Advanced Search
MyIDEAS: Login

Modifying the rebound: It depends! Explaining mobility behavior on the basis of the German socio-economic panel

Contents:

Author Info

  • Matiaske, Wenzel
  • Menges, Roland
  • Spiess, Martin

Abstract

We address the empirical question of the extent to which higher fuel efficiency of cars affects additional travel and the way this behavioral aspect is modified by additional variables. The data set used to estimate a theoretical model of the rebound effect covers two panel waves, 1998 and 2003, taken from the German Socio-Economic Panel (SOEP). To take full advantage of the information in the data available, and to avoid problems due to possible selection effects, we estimated an unbalanced two-wave random effects panel model. Our results suggest that in line with the rebound hypothesis, car efficiency has a negative effect on the kilometers driven. That is, the lower the fuel consumption, the greater the distance driven. However, contrasting recent empirical literature about the rebound effect in the transportation sector, this seems to be true only for cars with a consumption of more than roughly 8l per 100km. In addition, we find a positive diesel effect, which implies that owning a diesel engine car is positively correlated with the distance driven. Both effects can be interpreted as support for the rebound hypothesis, although not in a simple linear way. Moreover, it can be shown that some “soft” variables such as certain attitudes towards the environment tend to amplify this non-linear rebound effect.

Download Info

If you experience problems downloading a file, check if you have the proper application to view it first. In case of further problems read the IDEAS help page. Note that these files are not on the IDEAS site. Please be patient as the files may be large.
File URL: http://www.sciencedirect.com/science/article/pii/S0301421510008682
Download Restriction: Full text for ScienceDirect subscribers only

As the access to this document is restricted, you may want to look for a different version under "Related research" (further below) or search for a different version of it.

Bibliographic Info

Article provided by Elsevier in its journal Energy Policy.

Volume (Year): 41 (2012)
Issue (Month): C ()
Pages: 29-35

as in new window
Handle: RePEc:eee:enepol:v:41:y:2012:i:c:p:29-35

Contact details of provider:
Web page: http://www.elsevier.com/locate/enpol

Related research

Keywords: Rebound effect; Panel studies; Fuel consumption;

Other versions of this item:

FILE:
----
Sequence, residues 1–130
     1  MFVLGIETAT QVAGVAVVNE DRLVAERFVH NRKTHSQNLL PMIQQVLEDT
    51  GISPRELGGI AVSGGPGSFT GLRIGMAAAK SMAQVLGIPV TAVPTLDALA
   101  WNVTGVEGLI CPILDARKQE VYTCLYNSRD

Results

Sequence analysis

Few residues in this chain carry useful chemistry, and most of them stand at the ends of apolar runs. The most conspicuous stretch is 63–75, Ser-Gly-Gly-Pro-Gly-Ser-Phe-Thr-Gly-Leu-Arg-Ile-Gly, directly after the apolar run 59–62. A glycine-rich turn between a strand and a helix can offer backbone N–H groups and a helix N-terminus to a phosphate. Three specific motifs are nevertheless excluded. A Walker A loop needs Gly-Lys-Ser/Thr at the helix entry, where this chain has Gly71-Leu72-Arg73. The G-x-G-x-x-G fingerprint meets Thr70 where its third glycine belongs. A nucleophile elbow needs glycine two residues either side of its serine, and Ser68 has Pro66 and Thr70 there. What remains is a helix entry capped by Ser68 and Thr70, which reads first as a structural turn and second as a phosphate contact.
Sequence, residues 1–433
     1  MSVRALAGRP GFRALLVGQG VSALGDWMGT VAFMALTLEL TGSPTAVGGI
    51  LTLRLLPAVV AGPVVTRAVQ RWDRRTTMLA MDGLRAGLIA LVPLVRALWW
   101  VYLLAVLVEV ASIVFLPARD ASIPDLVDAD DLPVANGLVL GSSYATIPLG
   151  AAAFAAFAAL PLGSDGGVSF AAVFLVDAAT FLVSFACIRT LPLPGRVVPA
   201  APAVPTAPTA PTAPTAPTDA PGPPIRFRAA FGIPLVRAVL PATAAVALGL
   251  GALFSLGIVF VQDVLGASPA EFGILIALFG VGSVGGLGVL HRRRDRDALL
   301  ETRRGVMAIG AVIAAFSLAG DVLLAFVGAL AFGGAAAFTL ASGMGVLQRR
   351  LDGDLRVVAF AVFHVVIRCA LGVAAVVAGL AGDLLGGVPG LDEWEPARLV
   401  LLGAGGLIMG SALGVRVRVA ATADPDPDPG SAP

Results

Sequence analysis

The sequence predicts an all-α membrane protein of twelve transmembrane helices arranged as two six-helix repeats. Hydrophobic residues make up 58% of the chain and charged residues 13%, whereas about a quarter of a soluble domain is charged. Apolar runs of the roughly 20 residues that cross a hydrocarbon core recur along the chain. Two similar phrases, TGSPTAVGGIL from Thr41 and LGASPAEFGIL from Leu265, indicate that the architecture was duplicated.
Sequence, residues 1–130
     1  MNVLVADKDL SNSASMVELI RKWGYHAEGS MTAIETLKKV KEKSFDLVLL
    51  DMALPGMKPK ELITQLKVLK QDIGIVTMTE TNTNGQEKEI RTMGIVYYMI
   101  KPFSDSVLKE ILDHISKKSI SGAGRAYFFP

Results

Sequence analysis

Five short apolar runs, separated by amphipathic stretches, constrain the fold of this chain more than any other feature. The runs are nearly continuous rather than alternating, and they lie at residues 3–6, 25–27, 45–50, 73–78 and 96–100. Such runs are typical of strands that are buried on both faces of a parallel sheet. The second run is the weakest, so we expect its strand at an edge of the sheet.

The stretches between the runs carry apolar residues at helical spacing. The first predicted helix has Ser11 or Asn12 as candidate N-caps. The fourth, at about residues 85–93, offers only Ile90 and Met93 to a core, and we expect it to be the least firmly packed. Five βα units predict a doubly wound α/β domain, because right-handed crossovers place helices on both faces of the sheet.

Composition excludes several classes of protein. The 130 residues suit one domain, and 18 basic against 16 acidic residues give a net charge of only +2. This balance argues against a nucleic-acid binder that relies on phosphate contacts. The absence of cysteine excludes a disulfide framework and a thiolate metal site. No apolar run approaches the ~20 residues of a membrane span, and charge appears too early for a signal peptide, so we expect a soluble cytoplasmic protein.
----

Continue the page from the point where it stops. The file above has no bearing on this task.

Find related papers by JEL classification:

References

References listed on IDEAS
Please report citation or reference errors to , or , if you are the registered author of the cited work, log in to your RePEc Author Service profile, click on "citations" and make appropriate adjustments.:
as in new window
  1. Frank Verboven, 2002. "Quality-Based Price Discrimination and Tax Incidence: Evidence from Gasoline and Diesel Cars," RAND Journal of Economics, The RAND Corporation, vol. 33(2), pages 275-297, Summer.
  2. J. Daniel Khazzoom, 1980. "Economic Implications of Mandated Efficiency in Standards for Household Appliances," The Energy Journal, International Association for Energy Economics, vol. 0(Number 4), pages 21-40.
  3. A. Greening, Lorna & Greene, David L. & Difiglio, Carmen, 2000. "Energy efficiency and consumption -- the rebound effect -- a survey," Energy Policy, Elsevier, vol. 28(6-7), pages 389-401, June.
  4. Carol A. Dahl, 1986. "Gasoline Demand Survey," The Energy Journal, International Association for Energy Economics, vol. 0(Number 1), pages 67-82.
  5. Manuel Frondel & Jörg Peters & Colin Vance, 2007. "Identifying the Rebound: Theoretical Issues and Empirical. Evidence from a German Household Panel," RWI Discussion Papers 0057, Rheinisch-Westfälisches Institut für Wirtschaftsforschung.
Full references (including those not matched with items on IDEAS)

Citations

Citations are extracted by the CitEc Project, subscribe to its RSS feed for this item.
as in new window

Cited by:
  1. Nolan Ritter, 2012. "Beyond the Average Elasticity – Applying Quantile Panel Regression to German Household Mobility Data," Ruhr Economic Papers 0392, Rheinisch-Westfälisches Institut für Wirtschaftsforschung, Ruhr-Universität Bochum, Universität Dortmund, Universität Duisburg-Essen.

Lists

This item is featured on the following reading lists or Wikipedia pages:
  1. SOEP based publications

Statistics

Access and download statistics

Corrections

When requesting a correction, please mention this item's handle: RePEc:eee:enepol:v:41:y:2012:i:c:p:29-35. See general information about how to correct material in RePEc.

For technical questions regarding this item, or to correct its authors, title, abstract, bibliographic or download information, contact: (Zhang, Lei).

If you have authored this item and are not yet registered with RePEc, we encourage you to do it here. This allows to link your profile to this item. It also allows you to accept potential citations to this item that we are uncertain about.

If references are entirely missing, you can add them using this form.

If the full references list an item that is present in RePEc, but the system did not link to it, you can help with this form.

If you know of missing items citing this one, you can help us creating those links by adding the relevant references in the same way as above, for each refering item. If you are a registered author of this item, you may also want to check the "citations" tab in your profile, as there may be some citations waiting for confirmation.

Please note that corrections may take a couple of weeks to filter through the various RePEc services.